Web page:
McDowell: Fairness Doctrine Still Needs To Be Repealed

Two decades after supposed repeal, still codified in CFR

FCC Commissioner Robert McDowell is calling on the commission to officially repeal the so-called Fairness Doctrine, which most people thought the FCC did more than two decades ago.

In a speech to the Telecommunications Industry Association in Dallas, McDowell said that he has discovered that the doctrine, which the FCC concluded was unconstitutional and unenforceable back in 1987, is still on the books.  That means that a new commission would simply need to come to a different conclusion than the Republican-led commission that stopped enforcing it to exhume the rule.

"The Fairness Doctrine is literally still codified in the CFR," he planned to tell the  crowd, according to a copy of his prepared text. "We stumbled on this forgotten fact while researching material for this speech," he said, adding that it would likely be the headline coming out of his speech, which dealt more broadly with regulations the FCC could just as well do without, starting with the network neutrality rules passed over his objections last December.

Republicans continue to raise the specter of the doctrine, which required broadcasters both to air and to seek out opposing viewpoints on controversial issues of public importance.

Its departure helped usher in conservative talk radio, and some democrats in the past have argued for its return as a governor on that speech. FCC Chairman Julius Genachowski and even the president have said they do not support the doctrine and that it is not coming back. But some Republicans see its shadow in issues like proposals of community advisory boards for TV station public interest programming.

But McDowell was not talking shadows. "The...Fairness Doctrine.  It still exists!" he said.  "No, it doesn't still exist the way Elvis 'still exists.' The Fairness Doctrine is literally still codified in the CFR [the Code of Federal Regulations, 'the codification of the general and permanent rules published in the Federal Register by the executive departments and agencies of the Federal Government']. We stumbled on this forgotten fact while researching material for this speech. For those of you who have no idea what I am talking about, the Fairness Doctrine was a rule... well, still IS a rule, apparently ... that thrust the government's coercive reach into editorial decisions of broadcasters.  In short, the Doctrine regulated political speech."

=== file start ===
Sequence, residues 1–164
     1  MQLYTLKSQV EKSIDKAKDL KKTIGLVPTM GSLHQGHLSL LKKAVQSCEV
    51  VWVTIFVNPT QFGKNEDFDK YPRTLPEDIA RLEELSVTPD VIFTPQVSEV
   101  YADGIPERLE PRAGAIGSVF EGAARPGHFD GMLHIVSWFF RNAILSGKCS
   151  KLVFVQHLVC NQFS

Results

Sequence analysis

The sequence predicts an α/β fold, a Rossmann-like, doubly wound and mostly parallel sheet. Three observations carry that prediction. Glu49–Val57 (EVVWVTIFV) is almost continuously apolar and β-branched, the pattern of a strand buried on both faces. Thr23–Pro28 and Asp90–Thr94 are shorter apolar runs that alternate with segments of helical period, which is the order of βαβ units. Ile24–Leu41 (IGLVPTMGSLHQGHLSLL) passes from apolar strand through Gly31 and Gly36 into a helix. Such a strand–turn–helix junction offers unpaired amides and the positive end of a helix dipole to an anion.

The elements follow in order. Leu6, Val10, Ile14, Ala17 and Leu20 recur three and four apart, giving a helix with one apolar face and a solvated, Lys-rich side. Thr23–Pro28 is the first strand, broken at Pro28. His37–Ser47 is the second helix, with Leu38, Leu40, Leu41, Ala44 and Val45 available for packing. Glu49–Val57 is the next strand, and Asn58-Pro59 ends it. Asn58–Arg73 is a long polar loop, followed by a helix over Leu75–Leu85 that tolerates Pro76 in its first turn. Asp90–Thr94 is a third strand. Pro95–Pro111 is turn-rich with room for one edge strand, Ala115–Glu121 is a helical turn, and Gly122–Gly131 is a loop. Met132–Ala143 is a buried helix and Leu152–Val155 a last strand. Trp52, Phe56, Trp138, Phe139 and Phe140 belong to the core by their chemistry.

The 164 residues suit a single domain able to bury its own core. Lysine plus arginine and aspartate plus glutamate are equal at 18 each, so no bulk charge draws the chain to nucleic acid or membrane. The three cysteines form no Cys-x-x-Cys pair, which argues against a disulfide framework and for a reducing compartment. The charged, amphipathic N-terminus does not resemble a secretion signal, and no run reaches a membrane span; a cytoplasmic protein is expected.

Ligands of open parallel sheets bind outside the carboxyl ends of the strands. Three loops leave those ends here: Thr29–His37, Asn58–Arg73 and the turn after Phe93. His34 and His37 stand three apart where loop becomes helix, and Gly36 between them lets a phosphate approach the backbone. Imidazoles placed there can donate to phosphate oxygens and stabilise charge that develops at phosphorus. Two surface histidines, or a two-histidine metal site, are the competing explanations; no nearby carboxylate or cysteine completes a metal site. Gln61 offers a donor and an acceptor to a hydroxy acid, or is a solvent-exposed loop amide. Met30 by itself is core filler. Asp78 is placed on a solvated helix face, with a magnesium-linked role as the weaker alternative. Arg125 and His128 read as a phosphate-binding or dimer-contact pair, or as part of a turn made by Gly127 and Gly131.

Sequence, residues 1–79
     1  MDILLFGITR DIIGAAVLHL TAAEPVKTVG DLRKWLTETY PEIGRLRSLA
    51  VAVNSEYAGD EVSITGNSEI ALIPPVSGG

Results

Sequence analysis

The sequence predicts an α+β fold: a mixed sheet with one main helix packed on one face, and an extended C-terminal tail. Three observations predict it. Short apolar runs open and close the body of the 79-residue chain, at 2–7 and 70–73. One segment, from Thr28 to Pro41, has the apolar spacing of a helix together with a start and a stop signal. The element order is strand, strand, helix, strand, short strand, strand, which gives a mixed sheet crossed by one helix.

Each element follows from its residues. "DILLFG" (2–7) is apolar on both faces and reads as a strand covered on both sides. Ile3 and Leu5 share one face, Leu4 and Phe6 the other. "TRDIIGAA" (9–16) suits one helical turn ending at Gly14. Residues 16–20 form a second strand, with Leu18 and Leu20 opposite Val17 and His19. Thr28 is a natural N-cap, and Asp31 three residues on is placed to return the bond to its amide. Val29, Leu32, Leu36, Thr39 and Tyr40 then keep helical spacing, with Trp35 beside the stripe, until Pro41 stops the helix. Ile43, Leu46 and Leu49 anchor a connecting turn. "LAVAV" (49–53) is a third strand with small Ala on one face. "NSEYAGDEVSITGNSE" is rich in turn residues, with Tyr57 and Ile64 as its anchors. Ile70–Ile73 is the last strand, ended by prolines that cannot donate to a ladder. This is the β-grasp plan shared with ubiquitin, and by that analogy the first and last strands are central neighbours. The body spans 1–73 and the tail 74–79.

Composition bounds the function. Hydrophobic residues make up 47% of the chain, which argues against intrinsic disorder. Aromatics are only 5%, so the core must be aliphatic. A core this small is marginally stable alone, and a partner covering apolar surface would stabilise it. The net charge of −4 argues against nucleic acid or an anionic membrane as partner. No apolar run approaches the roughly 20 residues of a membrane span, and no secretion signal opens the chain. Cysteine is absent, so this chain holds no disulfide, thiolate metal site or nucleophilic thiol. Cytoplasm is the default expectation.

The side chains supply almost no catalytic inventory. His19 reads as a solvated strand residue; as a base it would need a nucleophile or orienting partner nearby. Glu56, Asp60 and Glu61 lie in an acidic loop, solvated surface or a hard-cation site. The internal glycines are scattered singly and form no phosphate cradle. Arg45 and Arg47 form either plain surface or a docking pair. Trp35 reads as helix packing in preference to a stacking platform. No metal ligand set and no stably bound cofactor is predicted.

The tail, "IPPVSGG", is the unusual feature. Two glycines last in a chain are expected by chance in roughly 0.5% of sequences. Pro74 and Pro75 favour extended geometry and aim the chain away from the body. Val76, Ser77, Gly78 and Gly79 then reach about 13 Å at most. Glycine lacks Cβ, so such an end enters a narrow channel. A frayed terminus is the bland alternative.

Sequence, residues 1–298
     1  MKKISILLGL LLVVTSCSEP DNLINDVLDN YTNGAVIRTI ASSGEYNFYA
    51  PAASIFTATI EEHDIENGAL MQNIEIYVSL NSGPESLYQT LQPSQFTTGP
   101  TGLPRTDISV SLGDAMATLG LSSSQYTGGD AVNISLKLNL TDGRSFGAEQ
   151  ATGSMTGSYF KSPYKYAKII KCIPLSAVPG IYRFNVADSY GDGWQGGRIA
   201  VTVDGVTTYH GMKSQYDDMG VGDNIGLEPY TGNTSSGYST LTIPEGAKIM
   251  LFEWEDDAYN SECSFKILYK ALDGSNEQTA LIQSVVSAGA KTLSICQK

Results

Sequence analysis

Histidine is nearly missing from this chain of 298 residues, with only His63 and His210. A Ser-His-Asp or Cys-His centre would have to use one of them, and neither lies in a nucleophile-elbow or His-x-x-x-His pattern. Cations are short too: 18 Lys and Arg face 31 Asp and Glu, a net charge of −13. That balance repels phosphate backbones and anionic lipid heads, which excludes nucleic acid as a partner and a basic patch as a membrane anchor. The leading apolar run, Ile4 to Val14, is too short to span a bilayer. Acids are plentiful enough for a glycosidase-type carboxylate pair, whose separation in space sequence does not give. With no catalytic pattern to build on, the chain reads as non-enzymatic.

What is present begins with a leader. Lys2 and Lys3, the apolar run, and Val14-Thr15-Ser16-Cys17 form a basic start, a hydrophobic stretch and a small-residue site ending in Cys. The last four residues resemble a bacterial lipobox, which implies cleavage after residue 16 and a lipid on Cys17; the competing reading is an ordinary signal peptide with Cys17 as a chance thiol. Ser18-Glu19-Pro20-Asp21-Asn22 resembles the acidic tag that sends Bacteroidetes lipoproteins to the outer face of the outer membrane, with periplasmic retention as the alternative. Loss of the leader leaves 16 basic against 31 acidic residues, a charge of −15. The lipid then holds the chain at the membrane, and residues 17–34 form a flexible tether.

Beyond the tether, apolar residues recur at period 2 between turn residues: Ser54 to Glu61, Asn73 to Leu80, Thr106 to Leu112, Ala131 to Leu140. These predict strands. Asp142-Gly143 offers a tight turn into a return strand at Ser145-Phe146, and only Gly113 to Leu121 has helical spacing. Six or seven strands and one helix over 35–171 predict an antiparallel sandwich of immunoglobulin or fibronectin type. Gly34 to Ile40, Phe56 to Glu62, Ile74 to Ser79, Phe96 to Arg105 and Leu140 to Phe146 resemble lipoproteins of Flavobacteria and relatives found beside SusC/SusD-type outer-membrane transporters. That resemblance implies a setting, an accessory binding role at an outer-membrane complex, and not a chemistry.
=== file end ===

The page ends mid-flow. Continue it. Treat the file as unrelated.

Suffice it to say that political speech is core protected speech under the First Amendment, and the Fairness Doctrine is patently unconstitutional.  The FCC decided as much in 1987 when everyone assumed the FCC killed it. We thought that this monster's dead and stinking corpse was left to rot in a government graveyard.  Instead, it appears that the Commission merely opted not to enforce the rule. Its words still defile the pages of the CFR, and we should erase it with a repeal order immediately."

But McDowell went farther. He said the FCC should immediately initiate "a full and thorough review of every FCC rule, not just those that apply to telecom companies, but all rules that apply to any entity regulated by the Commission. The presumption of our review should be that a rule is not necessary unless we find compelling evidence to the contrary."

He said the first rules he would get rid of are the net neutrality rules, but conceded that would realistically be a job for the courts, where the rules, not yet in effect, will almost certainly be challenged.

He said he would also get rid of the 2007 requirement that TV stations to tell the government what kind of public service programming they were airing and when. He says that broadcasters estimated that would add the cost of two full-time jobs to comply. "[A]t the time of its adoption I overheard one advocate exclaim joyfully, ‘Two full-time jobs? That's terrific. That's job creation!'" said McDowell. "Of course, they didn't realize that the new requirement would result in the elimination of two jobs elsewhere at the station, such as the newsroom, to pay for the new mandate."